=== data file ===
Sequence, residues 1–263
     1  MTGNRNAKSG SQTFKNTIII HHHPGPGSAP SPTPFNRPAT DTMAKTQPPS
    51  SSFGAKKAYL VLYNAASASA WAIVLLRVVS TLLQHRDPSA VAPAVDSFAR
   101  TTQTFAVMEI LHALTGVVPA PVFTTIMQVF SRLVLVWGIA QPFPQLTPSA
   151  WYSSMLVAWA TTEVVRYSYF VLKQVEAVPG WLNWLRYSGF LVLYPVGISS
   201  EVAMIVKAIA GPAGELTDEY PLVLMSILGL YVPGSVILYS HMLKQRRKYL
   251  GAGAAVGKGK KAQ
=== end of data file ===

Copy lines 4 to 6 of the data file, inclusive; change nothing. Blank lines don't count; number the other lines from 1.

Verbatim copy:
   101  TTQTFAVMEI LHALTGVVPA PVFTTIMQVF SRLVLVWGIA QPFPQLTPSA
   151  WYSSMLVAWA TTEVVRYSYF VLKQVEAVPG WLNWLRYSGF LVLYPVGISS
   201  EVAMIVKAIA GPAGELTDEY PLVLMSILGL YVPGSVILYS HMLKQRRKYL